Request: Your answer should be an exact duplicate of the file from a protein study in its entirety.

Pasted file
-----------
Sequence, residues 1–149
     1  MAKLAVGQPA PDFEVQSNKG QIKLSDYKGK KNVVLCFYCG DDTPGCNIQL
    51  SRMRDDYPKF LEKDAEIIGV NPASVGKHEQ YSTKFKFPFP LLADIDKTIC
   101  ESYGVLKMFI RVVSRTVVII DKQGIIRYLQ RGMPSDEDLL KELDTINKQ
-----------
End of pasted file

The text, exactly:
Sequence, residues 1–149
     1  MAKLAVGQPA PDFEVQSNKG QIKLSDYKGK KNVVLCFYCG DDTPGCNIQL
    51  SRMRDDYPKF LEKDAEIIGV NPASVGKHEQ YSTKFKFPFP LLADIDKTIC
   101  ESYGVLKMFI RVVSRTVVII DKQGIIRYLQ RGMPSDEDLL KELDTINKQ